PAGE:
Sunday, 24 March 2013

Freeze leisure centre prices for a year - with your library card!

Just came across this today and since I haven't seen it publicised much at all I thought other locals might  be interested in knowing.

Prices at Lewisham's leisure centres are due to rise on 1 April by 9% but if you have a valid Lewisham library card you can use the Fusion leisure centres at the old rates for a whole year! 

Full details are here - the main points are that your library card must be activated and working by 31 March in order to take advantage, and you must take it with you when you go to the leisure centre.

For some reason it only applies to the facilities managed by Fusion, so if Downham is your local leisure centre it seems you'll be expected to suck up the price rise.

Of course there's a rather sad irony about the fact that with all the library closures in Lewisham you'll probably get more use out of your library card for physical fitness than you will for mental stimulation.

Saturday, 23 March 2013

Charlotte Turner Gardens improvements

Deptford's extensive public realm has seen quite a lot of changes in the last few years, with improvements to Fordham Park, Margaret McMillan Park and green spaces on the Pepys estate to name but a few.

Now it's the turn of Charlotte Turner Gardens to get a makeover - this open space north of Creek Road is not in Lewisham, it's just over the border in Greenwich, but it's managed by the Twinkle Park Trust and for all intents and purposes it still counts as Deptford as far as I'm concerned.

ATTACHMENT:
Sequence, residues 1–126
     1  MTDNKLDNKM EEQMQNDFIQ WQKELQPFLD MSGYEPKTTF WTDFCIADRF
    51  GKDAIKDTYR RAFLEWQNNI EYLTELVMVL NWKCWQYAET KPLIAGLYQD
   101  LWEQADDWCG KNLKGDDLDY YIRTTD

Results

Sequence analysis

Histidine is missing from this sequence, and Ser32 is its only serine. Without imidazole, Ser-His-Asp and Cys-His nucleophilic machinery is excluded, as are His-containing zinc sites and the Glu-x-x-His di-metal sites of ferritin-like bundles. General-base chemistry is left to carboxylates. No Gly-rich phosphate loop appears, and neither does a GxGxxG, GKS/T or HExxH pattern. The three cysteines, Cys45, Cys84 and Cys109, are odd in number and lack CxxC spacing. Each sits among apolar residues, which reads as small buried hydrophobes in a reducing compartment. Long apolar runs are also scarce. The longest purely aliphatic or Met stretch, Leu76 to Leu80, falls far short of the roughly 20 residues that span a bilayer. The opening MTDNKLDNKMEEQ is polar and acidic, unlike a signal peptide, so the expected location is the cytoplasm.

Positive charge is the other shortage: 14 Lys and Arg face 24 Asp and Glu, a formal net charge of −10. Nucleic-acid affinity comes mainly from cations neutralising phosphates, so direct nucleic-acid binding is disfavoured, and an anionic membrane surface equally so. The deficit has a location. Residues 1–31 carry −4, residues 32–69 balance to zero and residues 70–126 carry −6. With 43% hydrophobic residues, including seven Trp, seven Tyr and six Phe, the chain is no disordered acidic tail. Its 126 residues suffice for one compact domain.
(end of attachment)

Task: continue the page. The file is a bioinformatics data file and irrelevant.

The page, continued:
(pic courtesy Twinkle Park Trust)
To be entirely honest I've never really explored this green space - evidenced by the fact that I've got no photos of it and have had to lift one from Twinkle Park Trust's new website - and so I was surprised to learn that it has a fitness trail and a Petanque court.

Plans for the improvements were approved at the Trust's recent AGM and they hope to let contracts shortly with completion in time for the summer holidays.

The improvements are quite exciting - I particularly like the idea of planting an orchard and some cherry trees. More of this kind of thing please - perhaps Lewisham Homes should consider planting fruit trees in its many small public green spaces around Evelyn and Pepys?

The main features are as follows:

  • A central grassed area with timber-retained mounds at each end – suitable for ball games and all kinds of play activities. 
  • A tidied and more attractive area between Carrick Mews and Brig Mews, with better views of the park and easier to maintain. 
  • A row of cherry trees, running the entire west edge of the garden, bringing colour in the spring and fruit later in the year. 
  • An orchard of old Kentish variety apples, which will also be ripe for harvesting later in the year. 
  • An improved surface for the existing Petanque court, with a nearby table tennis table, creating a more formal sports area. 
  • A more legible ‘trim trail’, using boulders and timber elements to add to the existing pieces of equipment on the grass next to Gilbert House. 
  • An entirely new Toddler Play Area, in the fenced area at the edge of MacMillan Street.   

You can find out more details and follow progress on the website.

Thursday, 21 March 2013

Station clean-up efforts drag on